The Mayan calendar many believe predicts the end of the world actually indicates the beginning of a new calendar cycle, according to a new archaeological find.
After uncovering a mural in Mayan ruins in Guatemala, researchers say the ancient people did not think the end would come on 22 December 2012.
On the wall of a tiny structure buried under forest debris in Guatemala, archaeologists have discovered a scribe’s notes about the Maya lunar calendar, which they say could be the first known records by an official chronicler of this ancient civilization.
These notes pertain to the same Maya calendar that is sometimes erroneously thought to predict the world’s end on or about Dec. 22, 2012. The researchers who helped uncover and decipher the wall’s inscriptions said the Maya calendar foresaw a vast progression of time, with the December 2012 date the beginning of a new calendar cycle called a baktun.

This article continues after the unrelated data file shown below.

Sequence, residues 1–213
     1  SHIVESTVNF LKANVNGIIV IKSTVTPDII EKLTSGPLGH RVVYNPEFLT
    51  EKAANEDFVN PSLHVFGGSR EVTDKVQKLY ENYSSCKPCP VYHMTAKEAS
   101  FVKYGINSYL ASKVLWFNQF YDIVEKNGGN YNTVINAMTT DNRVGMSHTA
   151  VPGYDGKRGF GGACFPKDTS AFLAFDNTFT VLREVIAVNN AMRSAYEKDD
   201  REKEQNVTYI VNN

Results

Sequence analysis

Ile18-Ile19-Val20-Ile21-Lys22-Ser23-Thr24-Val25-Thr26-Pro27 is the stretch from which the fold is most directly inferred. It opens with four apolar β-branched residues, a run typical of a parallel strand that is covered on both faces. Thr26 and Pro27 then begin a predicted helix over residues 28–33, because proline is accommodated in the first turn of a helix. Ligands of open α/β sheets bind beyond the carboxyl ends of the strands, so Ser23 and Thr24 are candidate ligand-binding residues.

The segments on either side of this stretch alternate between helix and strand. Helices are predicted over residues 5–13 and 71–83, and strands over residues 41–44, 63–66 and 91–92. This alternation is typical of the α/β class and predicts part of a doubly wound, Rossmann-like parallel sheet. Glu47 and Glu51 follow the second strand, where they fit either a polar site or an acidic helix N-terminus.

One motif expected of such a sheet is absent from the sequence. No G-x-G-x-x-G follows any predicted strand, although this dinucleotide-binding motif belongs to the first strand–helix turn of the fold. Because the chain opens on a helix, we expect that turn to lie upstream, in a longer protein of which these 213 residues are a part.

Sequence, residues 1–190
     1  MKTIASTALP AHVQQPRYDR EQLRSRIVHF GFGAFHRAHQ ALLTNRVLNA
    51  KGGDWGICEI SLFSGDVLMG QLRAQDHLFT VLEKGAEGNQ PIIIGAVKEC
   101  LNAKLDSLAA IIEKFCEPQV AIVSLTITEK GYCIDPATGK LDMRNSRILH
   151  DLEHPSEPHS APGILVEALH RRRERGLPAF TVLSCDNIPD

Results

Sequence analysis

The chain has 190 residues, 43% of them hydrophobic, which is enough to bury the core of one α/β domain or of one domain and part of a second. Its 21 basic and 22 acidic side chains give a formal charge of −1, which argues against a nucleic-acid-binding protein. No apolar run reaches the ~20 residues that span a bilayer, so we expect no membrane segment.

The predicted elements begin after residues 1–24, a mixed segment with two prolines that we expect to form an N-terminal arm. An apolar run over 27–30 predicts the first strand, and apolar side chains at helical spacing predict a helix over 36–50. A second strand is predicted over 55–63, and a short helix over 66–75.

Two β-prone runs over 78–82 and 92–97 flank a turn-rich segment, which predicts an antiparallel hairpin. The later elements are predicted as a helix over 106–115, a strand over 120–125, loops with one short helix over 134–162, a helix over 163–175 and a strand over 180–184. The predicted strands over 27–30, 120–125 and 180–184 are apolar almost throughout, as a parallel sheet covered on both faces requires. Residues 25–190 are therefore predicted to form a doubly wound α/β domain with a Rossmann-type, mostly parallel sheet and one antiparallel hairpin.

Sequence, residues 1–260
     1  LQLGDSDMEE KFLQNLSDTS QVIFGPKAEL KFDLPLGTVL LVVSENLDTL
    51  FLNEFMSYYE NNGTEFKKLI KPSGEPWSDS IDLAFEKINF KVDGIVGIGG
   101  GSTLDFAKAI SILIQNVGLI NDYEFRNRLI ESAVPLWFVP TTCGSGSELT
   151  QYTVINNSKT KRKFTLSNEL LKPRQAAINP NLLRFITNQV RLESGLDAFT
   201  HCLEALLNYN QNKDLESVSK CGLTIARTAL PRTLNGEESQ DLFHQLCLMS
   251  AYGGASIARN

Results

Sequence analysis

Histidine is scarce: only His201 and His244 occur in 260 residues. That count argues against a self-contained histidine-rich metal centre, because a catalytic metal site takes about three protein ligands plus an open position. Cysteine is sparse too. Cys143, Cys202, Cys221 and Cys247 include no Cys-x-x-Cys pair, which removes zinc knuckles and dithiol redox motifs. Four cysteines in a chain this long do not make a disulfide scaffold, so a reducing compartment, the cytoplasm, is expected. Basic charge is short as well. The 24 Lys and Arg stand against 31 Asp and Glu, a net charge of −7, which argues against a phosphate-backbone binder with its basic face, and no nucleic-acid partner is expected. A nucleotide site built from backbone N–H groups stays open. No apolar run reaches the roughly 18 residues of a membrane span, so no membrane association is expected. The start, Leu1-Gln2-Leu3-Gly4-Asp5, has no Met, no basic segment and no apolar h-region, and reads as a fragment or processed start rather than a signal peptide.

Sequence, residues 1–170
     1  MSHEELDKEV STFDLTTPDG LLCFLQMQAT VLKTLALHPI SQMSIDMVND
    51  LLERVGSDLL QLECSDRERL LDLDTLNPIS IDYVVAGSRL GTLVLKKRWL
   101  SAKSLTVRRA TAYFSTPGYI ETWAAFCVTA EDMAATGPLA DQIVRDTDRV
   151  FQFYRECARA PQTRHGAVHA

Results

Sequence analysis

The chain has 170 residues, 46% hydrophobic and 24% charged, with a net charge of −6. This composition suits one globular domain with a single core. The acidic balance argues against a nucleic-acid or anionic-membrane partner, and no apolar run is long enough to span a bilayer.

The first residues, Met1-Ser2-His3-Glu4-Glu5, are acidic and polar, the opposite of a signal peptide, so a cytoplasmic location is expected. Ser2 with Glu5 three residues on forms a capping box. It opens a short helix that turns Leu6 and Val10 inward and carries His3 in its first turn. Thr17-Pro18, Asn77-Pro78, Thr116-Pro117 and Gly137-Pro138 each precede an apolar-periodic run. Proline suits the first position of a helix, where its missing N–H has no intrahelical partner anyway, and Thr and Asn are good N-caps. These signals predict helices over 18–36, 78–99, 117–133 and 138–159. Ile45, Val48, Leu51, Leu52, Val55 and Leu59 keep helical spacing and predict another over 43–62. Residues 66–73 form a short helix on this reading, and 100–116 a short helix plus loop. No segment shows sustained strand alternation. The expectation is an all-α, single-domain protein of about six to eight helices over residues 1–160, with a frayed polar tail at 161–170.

“They were looking at the way these cycles were turning,” said William Saturno of Boston University, an author of an article on the find in the journal Science. “The Maya calendar is going to keep going and keep going for billions, trillions, octillions of years into the future, a huge number that we can’t even wrap our heads around.”
The faint numerical inscriptions on the wall in Guatemala measure out time in approximate six-month increments, based on six lunar cycles, with small stylized pictures of Maya gods to indicate which deity was the patron of a specific slice of time, the researchers said Thursday in an online briefing. “It seems pretty clear that what we have here is a lunar calendar,” said David Stuart of the University of Texas at Austin, another author of the Science article.
The findings will also be published in the June issue of National Geographic, which funded some of the research. The numbers on the wall were likely written by a scribe or calendar priest, who would have been an important figure in the Maya court, where monarchs were keenly interested in astronomy and sought to harmonize sacred rituals with events in the sky.